You probably already know how important regular practice is for improving your skills as a musician. However, we’ve come across many aspiring musicians who are frustrated because they feel that regardless of how much time they spend on “practising”, nothing has really changed.

The root of this common problem is our understanding about what practising really is – many musicians mistake playing for practising. While playing is purely for fun, practising requires discipline, repetition, systematic performance, and perseverance, all combined with the goal of reaching the next level of competency and mastering an instrument. Practice isn’t always pleasant. It’s real, hard work.  

How can you make the most of your practice time and take your musical skills to the next level? Try out these 4 practice techniques.

1. Don’t skip the warmup.

Just like an athlete warms up before their game or match, it’s extremely important to warm up before your practice session. This sounds like a simple thing to do, yet it’s often neglected by many musicians. Since you’ll be asking a lot from your body, without warming up, you run the risk of having serious injuries and health issues. So don’t jump right into hardcore music exercises. Take time to stretch your body and begin slowly.

2. Start journaling.

If you haven’t been keeping a regular practice journal, get yourself started right away. You’ll be spellbound by its simple, yet powerful magic. Journaling keeps you organised and goal-oriented. Before each practice session, make a note of your objectives and list the activities you want to include. Revisit your list and make notes at the end of each session. This technique gives you a good sense of direction and accomplishment that random, aimless practice often misses.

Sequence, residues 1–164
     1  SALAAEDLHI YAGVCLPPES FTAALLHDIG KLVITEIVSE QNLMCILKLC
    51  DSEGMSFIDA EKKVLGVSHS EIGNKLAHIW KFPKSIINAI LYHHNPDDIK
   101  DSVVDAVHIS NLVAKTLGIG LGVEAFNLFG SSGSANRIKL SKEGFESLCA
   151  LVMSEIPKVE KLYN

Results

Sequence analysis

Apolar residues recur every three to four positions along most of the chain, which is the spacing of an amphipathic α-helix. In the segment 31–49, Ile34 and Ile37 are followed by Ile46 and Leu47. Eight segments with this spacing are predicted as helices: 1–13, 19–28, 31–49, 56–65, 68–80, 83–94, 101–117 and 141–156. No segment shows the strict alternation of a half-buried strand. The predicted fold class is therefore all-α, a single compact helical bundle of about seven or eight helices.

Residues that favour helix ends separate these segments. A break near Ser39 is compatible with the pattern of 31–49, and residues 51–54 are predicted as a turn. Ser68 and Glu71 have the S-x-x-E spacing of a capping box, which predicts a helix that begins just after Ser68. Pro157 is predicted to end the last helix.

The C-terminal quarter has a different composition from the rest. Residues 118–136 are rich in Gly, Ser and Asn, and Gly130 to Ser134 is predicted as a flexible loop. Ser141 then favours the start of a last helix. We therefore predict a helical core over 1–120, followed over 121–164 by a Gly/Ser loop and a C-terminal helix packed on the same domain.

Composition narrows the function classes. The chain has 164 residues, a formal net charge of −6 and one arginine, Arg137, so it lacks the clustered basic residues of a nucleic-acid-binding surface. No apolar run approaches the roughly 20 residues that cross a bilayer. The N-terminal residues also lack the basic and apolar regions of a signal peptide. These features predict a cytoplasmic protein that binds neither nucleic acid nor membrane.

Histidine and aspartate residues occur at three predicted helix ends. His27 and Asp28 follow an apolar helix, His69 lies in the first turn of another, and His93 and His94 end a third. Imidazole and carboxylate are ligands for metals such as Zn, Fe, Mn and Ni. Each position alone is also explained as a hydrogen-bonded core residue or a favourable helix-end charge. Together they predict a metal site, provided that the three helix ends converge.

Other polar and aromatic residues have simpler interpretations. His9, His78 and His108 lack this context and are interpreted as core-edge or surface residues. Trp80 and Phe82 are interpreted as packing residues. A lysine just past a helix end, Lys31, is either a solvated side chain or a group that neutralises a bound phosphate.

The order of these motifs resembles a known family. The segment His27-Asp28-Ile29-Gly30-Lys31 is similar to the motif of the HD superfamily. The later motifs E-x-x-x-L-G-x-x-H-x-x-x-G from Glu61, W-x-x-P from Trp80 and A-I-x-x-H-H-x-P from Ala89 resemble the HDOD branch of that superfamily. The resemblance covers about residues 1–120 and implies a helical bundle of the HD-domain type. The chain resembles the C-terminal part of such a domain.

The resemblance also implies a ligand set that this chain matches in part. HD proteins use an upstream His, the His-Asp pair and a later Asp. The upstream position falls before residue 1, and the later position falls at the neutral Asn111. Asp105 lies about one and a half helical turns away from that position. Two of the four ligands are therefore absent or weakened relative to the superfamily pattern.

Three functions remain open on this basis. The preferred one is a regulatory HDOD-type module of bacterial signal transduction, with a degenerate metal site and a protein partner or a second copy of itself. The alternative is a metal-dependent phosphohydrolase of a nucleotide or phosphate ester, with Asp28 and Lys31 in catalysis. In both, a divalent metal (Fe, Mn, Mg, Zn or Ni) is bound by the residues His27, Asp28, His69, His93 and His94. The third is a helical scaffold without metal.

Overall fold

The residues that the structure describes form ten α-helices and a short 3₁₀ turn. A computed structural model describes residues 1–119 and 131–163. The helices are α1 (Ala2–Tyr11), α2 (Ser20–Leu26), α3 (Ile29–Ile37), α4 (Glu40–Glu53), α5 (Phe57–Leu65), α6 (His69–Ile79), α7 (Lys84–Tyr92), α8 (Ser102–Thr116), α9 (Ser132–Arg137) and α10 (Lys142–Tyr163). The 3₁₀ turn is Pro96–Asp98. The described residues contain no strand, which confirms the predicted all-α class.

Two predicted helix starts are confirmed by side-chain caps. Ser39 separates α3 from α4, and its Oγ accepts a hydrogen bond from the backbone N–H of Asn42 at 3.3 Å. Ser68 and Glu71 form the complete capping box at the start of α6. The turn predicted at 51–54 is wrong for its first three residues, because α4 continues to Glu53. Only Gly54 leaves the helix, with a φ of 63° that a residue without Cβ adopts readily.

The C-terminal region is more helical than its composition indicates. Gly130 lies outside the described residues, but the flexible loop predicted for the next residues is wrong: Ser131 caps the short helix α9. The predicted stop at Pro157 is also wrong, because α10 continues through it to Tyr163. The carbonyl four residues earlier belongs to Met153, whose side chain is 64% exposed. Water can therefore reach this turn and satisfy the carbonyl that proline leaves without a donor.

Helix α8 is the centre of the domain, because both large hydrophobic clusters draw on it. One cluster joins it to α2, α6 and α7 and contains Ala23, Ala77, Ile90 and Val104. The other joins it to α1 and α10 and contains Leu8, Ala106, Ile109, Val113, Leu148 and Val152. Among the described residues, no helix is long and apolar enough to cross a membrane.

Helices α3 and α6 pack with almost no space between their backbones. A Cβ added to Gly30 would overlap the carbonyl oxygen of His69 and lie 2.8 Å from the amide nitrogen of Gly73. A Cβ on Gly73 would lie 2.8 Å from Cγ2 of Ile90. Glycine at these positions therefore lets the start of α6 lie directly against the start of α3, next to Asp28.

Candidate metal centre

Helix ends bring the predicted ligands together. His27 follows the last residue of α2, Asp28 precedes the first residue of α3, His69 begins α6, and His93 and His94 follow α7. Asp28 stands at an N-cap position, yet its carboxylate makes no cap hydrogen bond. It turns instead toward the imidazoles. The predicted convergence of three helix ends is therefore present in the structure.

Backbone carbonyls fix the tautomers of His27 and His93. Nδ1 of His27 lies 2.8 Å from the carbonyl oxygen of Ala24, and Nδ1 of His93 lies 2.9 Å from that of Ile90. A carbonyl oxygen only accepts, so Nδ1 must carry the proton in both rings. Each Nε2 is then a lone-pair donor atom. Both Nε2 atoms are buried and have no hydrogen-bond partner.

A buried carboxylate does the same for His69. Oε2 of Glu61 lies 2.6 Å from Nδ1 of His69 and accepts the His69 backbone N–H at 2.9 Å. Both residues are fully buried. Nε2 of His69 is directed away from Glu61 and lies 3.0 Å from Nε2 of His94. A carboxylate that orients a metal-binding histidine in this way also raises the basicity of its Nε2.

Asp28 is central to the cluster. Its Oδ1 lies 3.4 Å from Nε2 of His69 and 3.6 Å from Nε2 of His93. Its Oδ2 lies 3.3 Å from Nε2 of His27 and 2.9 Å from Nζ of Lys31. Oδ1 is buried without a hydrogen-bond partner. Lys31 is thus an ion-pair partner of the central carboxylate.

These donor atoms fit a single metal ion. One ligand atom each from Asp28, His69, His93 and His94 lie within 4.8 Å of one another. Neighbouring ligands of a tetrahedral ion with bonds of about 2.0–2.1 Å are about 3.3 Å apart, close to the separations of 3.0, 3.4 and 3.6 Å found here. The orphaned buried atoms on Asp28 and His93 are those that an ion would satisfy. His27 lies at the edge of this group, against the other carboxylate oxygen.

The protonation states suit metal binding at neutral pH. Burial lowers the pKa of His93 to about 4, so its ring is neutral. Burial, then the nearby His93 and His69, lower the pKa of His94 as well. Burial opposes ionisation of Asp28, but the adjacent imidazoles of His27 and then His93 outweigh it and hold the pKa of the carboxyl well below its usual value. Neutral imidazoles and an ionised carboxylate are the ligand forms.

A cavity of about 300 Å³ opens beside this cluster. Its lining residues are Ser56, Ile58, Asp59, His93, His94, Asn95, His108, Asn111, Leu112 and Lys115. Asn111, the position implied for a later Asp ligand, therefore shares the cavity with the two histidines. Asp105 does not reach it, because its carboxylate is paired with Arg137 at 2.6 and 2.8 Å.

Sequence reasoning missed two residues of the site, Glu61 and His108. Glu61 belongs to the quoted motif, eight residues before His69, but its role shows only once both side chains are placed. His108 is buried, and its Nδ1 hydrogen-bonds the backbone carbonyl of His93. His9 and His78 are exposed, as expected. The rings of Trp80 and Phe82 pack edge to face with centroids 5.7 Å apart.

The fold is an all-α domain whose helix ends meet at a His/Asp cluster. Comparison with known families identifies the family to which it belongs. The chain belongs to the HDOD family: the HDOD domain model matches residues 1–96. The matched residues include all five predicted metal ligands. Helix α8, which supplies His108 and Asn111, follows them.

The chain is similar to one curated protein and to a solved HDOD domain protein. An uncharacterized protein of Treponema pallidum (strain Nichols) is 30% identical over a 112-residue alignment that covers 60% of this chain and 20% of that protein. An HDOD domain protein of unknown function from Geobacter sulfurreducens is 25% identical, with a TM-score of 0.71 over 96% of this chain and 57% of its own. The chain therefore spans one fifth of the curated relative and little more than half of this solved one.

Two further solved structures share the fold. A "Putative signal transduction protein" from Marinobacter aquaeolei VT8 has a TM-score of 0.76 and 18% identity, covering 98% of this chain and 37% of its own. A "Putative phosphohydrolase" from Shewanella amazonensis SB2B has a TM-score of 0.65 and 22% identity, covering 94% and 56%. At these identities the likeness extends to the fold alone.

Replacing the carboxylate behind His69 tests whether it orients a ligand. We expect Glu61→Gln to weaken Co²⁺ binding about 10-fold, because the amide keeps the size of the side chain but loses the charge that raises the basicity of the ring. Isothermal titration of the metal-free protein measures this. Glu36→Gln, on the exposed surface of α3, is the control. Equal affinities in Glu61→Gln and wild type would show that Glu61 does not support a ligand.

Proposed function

3. Choose musical pieces that will stretch you.

We only truly appreciate the musical pieces that we love and quickly forget ones we dislike or that we’re forced to play by others. If you don’t enjoy what you play, you’ll slowly lose dedication and interest.

However, it’s equally crucial to pick musical pieces that will educate and challenge you. Even though it’s tempting to stick with what you’re familiar with and feel comfortable playing, try venturing out. Pick a new style, genre, or repertoire by a composer you have never worked on before. This will enrich your knowledge of music, help you better understand your abilities, and train your musical muscles so you won’t feel so intimidated when tackling new challenges.

4. Record yourself.

Ever noticed how your recorded voice sounds different than the voice you hear in your head? The same is true of your instrument. You can’t fully focus on your sound when you’re also playing. Don’t just depend on feedback and advice from your teacher. Record yourself while you practise.

Make sure you also keep your recordings and review them over time to track your progress. Trust your common sense – it’s one of the best ways to refine your musical skills on your own. Hearing yourself from an objective angle helps you quickly notice that one error your teacher has been pointing out for weeks, yet you haven’t been able to pick up.


Now that you’ve learned about these practice techniques, it’s time to get down to the real work of putting them into action. We hope you’ll get lots of mileage out of these strategies and make even faster progress in your musical journey.


What’s your favorite practice tip or technique?

Share with us in the comments below.